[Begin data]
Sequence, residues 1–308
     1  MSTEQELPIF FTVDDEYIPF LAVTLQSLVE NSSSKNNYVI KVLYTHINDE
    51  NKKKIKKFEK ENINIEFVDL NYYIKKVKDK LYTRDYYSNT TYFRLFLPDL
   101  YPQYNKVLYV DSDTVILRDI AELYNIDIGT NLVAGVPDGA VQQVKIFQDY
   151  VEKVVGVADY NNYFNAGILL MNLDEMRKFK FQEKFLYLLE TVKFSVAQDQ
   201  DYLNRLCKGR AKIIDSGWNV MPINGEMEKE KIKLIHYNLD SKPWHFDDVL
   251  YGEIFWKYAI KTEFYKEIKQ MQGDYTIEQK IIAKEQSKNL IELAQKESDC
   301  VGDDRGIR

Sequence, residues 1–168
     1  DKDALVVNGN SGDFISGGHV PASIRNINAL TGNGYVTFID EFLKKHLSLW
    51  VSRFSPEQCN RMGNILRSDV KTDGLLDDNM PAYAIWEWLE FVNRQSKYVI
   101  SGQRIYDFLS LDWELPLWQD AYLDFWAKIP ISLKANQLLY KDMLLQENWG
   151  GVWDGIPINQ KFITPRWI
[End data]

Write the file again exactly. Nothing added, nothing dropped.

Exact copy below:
Sequence, residues 1–308
     1  MSTEQELPIF FTVDDEYIPF LAVTLQSLVE NSSSKNNYVI KVLYTHINDE
    51  NKKKIKKFEK ENINIEFVDL NYYIKKVKDK LYTRDYYSNT TYFRLFLPDL
   101  YPQYNKVLYV DSDTVILRDI AELYNIDIGT NLVAGVPDGA VQQVKIFQDY
   151  VEKVVGVADY NNYFNAGILL MNLDEMRKFK FQEKFLYLLE TVKFSVAQDQ
   201  DYLNRLCKGR AKIIDSGWNV MPINGEMEKE KIKLIHYNLD SKPWHFDDVL
   251  YGEIFWKYAI KTEFYKEIKQ MQGDYTIEQK IIAKEQSKNL IELAQKESDC
   301  VGDDRGIR

Sequence, residues 1–168
     1  DKDALVVNGN SGDFISGGHV PASIRNINAL TGNGYVTFID EFLKKHLSLW
    51  VSRFSPEQCN RMGNILRSDV KTDGLLDDNM PAYAIWEWLE FVNRQSKYVI
   101  SGQRIYDFLS LDWELPLWQD AYLDFWAKIP ISLKANQLLY KDMLLQENWG
   151  GVWDGIPINQ KFITPRWI